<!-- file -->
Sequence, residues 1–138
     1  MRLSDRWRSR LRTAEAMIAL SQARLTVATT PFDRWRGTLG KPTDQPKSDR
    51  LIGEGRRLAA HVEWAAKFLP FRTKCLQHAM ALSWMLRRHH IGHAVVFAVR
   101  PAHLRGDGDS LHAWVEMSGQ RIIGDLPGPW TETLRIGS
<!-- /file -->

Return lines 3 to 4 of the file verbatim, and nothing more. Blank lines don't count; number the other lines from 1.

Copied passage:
    51  LIGEGRRLAA HVEWAAKFLP FRTKCLQHAM ALSWMLRRHH IGHAVVFAVR
   101  PAHLRGDGDS LHAWVEMSGQ RIIGDLPGPW TETLRIGS